- No more plastic or disposable “convenience” items. It’s tuuuurrible for the environment. TERRIBLE! And guess what? It’s also costing you. Avoid purchasing bottled water, plastic straws, disposable cups/mugs, plastic sandwich bags, plastic wrap, disposable razors, plastic/paper plates, etc.
Tips for success:
- Evaluate your beauty, hygiene and household products. Are there products you could exchange for a cheaper (but still quality) option? For example, my face’s complexion improved significantly when I started removing my makeup with warm water and a washcloth (and I stop purchasing the makeup remover wipes I had been using for 12 years). I save $96 a year because of that, and it is also better for the environment! What if you replaced the disposable hand soap dispensers with bar soap? I’ve found that bar soap lasts much longer than a dispenser.
- When I started “thinking green,” plastic sandwich bags were the hardest to give up. I invested in cheap mason jars and a good set of glass storage containers. Problem solved!
- I am not pretending to be Mrs. Green Queen. Trust me, I am far from it and continue learning each day. I am sure many savvier, environmentally-sound people would laugh at my tips, but I found that small changes made a big impact over time — on my bank account and (hopefully) the environment!
- Go green. Improve the planet.
- Improve your bank account. See more green.
5. Focus on your health.
How it works:
- Get yourself in shape physically and mentally.
- Eat well.
- Drink lots of water.
- Drink less booze.
Tips for success:
- Water is FREE! Drink it.
- Cook healthy meals at home: Save money by NOT going out to dinner or ordering takeout. Be sure to plan your grocery list so that you will stick to it while shopping.
- Meal prep at the beginning of the week. Pre-pack your lunches in case you are in a hurry to the office the following morning.
- Create a fitness schedule and stick to it. Bonus points if your fitness routine is FREE. However, even if you pay a small gym/class fee, it is likely worth the cost. If you’re committed to working out (especially on the weekends), you are less likely to spend a lot of money on eating out, going out to a bar, staying out late, etc. When you work out, you’re inspired to eat healthy!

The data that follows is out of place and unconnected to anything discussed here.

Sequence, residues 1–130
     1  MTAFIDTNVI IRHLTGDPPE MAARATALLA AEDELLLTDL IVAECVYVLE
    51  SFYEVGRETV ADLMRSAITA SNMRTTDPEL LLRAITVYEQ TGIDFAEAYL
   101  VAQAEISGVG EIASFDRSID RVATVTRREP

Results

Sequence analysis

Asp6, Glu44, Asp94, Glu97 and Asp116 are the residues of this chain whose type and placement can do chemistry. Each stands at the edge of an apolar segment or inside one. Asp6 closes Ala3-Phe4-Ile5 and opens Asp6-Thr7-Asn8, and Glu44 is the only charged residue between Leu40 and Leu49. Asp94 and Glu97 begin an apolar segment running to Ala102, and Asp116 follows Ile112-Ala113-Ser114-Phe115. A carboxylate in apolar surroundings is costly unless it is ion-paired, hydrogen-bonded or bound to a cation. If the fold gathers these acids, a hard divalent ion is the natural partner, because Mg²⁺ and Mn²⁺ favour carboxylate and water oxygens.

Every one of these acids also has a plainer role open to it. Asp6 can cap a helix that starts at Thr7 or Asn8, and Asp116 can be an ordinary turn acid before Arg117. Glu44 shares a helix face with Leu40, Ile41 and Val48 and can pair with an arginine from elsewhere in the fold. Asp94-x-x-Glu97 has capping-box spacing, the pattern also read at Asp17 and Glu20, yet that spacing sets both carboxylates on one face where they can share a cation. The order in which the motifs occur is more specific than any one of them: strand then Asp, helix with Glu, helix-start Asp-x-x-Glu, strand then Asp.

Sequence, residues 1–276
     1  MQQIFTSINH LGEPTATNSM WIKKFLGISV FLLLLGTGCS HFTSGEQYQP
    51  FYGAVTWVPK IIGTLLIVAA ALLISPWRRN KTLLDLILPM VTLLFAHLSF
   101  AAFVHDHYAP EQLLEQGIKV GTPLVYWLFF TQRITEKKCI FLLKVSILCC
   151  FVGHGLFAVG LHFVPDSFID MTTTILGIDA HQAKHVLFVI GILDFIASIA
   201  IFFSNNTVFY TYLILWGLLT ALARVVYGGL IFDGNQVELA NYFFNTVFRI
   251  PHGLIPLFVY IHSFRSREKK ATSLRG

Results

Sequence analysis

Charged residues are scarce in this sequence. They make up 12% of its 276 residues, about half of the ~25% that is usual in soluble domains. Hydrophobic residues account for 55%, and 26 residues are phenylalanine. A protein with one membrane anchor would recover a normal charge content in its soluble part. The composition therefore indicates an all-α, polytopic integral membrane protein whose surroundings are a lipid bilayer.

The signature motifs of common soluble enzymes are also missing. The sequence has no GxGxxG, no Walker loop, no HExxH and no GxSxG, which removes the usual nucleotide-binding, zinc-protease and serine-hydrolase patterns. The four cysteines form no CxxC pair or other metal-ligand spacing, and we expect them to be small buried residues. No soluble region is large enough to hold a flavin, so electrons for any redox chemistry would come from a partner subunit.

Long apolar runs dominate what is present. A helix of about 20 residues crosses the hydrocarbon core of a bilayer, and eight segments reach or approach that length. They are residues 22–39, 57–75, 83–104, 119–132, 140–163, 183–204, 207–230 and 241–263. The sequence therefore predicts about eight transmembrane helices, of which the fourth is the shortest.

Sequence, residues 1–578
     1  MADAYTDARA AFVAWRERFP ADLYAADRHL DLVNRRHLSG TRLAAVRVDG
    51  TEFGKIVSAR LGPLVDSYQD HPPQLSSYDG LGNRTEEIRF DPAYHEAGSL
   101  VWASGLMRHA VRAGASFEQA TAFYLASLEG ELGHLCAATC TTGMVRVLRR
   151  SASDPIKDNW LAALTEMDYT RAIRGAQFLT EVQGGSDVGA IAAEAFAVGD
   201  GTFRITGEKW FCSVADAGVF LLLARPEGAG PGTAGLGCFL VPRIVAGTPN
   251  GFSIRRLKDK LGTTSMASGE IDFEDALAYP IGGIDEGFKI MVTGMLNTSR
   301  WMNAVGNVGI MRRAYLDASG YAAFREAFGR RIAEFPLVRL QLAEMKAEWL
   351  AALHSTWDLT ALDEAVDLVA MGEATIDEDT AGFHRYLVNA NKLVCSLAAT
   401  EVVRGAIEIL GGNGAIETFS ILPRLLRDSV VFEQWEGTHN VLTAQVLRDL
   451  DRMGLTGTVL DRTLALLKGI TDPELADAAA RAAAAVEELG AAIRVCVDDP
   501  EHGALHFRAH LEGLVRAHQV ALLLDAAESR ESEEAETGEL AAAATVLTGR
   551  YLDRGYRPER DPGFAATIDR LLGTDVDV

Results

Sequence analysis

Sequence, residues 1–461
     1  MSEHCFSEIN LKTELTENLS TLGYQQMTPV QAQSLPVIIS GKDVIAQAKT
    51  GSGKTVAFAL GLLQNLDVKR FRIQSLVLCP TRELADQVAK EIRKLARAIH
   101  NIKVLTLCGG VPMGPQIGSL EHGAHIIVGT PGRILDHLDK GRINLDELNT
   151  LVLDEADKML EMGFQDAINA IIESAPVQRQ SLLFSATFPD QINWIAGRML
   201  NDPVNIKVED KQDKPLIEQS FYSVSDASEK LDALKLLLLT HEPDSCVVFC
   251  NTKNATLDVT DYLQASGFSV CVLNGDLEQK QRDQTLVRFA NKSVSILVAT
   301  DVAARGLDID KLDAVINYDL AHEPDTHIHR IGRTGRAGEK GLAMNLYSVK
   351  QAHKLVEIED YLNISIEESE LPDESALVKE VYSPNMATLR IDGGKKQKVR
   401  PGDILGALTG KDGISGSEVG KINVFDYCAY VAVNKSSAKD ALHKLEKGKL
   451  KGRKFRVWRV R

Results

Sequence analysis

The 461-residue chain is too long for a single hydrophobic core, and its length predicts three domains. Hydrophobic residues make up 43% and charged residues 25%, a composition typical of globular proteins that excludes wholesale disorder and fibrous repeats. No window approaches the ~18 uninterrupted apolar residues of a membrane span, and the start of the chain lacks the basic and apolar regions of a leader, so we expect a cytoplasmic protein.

- Do you smoke? Please consider STOPPING! It will not only save money but more importantly, you could save your life! I am not qualified to share advice on quitting this habit, so check out this link to get started.
- Long-term health improvement.
- Enhanced mood.
- Better sleep.
- Saves money. Poor health can cause serious financial stress.
Invited friends over for dinner! It was healthy, delicious and cheap.
Cha-ching! Your bank account is happy. You are happy. Happiness is contagious. The people in your life are happy. Now, get out there and start living!
Please share your experiences on spending less and saving more in the comments below. I’d love to hear your ideas and feedback. And if anyone needs an accountability buddy on the 30-day capsule closet challenge (or a 30-day monthly challenge), I’m in!
Ready to travel more in the next year? Check out this three-part budgeting series to saving more money and spending way less:
- Part 1: Determine your “non-negotiables” when traveling. What is important to you?
- Part 2: Create a budget for your trip.
- Part 3: Cut expenses. How to save enough money to travel.
Like the idea of making small improvements to your life? Join a 30-day monthly challenge. A monthly challenge is a fun way to try something new while also easing your way into forming new habits. Together, we will feel healthier (both mentally and physically), expand our knowledge, help others in need, improve the environment and increase our wealth. Check it out!